The commission’s possible routes include launching a probe, deciding there is no basis for a probe, going to the Equality Court or setting up mediation.

 30 August 2019

The South African Human Rights Commission (SAHRC) will first assess all the evidence it has before deciding whether to proceed with an investigation into allegations that Springbok lock Eben Etzebeth had racially abused a man at a pub in Langebaan over the weekend.

On Friday, SAHRC commissioner André Gaum said it first had to consider what emerged from statements and consultations.

This after West Coast community leader Sammy Classen complained to the commission after allegations surfaced that Etzebeth and a large group of friends had reportedly used a racially loaded word against someone in a pub.

The group was also accused of physical assault.

Etzebeth responded to the allegations on his Facebook page by saying: “It is completely untrue and unfounded to claim that I physically or racially abused anyone in Langebaan as has been reported on social media. Multiple witnesses can corroborate that.

“I am and will always strive to be a true ambassador to this beautiful rainbow nation and the sport that I love,” he said.

Gaum said the SAHRC’s mandate was to assess the allegations of racism and racial slurs, while the police were looking into claims of assault with intent to cause grievous bodily harm.

The possible routes the commission can take as part of its complaints procedure include launching an investigation, deciding there is no basis for an investigation, going to the Equality Court or setting up possible mediation.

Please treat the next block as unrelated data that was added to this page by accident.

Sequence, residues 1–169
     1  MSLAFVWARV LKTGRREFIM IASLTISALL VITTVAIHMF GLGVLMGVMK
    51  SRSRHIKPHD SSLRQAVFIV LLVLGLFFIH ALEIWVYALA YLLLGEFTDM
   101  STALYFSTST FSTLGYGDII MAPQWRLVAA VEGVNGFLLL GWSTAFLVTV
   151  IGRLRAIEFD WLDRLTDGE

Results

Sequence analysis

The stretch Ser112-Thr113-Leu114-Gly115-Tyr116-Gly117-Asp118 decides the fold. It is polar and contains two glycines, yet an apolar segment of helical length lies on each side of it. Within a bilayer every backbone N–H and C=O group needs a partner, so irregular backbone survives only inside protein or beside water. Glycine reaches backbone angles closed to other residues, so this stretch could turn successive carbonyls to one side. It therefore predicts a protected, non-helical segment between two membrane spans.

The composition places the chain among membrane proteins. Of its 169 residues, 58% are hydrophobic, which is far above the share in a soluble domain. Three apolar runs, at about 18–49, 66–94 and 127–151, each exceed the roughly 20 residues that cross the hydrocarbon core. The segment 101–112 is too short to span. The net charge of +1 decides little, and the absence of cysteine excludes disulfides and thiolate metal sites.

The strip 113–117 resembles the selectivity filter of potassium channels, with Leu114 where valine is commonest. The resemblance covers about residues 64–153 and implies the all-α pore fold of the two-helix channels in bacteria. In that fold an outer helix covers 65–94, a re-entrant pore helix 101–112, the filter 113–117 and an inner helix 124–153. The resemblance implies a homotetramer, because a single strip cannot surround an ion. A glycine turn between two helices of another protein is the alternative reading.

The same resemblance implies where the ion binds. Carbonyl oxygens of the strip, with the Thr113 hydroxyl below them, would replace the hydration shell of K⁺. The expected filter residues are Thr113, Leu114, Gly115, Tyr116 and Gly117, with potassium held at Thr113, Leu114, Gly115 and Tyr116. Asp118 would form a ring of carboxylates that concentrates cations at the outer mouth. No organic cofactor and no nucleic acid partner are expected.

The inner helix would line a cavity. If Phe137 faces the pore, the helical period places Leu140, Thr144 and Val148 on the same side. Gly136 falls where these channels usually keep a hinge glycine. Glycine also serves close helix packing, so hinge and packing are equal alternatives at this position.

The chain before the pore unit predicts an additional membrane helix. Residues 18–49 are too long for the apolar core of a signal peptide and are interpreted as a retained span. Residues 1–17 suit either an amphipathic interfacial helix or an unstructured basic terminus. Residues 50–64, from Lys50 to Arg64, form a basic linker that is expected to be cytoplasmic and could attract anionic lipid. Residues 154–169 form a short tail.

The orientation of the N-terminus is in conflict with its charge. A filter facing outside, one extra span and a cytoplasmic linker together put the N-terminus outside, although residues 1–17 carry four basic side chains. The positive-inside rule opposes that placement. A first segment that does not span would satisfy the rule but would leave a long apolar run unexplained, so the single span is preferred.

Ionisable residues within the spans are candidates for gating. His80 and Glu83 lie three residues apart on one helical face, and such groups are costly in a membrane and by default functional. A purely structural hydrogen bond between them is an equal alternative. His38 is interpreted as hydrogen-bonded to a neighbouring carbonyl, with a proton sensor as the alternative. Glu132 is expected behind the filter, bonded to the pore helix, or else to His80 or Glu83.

Etzebeth and his legal team met with the SAHRC on Thursday and had agreed to co-operate with it.

Claasen and a delegation of alleged victims were meant to meet with the commission in Cape Town on Friday but did not pitch up.

Gaum said the SAHRC was obviously interested in speaking to people who saw the alleged incident, adding that at the same time, it was taking a “responsible and cautious” approach.

Etzebeth was recently included in South Africa’s 31-man squad for the 2019 Rugby World Cup. He was spotted with the group boarding a plane to Japan on Friday.

Gaum said while Etzebeth was in Japan, the SAHRC would continue engaging with his lawyers.

“As a commission, and as loyal South Africans, we do support the Springboks but we have a constitutional duty. When allegations are made, no matter who makes and against whom it is made, we need to look into those matters, in terms of the Constitution and in terms of legislation.

“We are obliged to be independent, and act without fear, favour or prejudice.”

Source: News24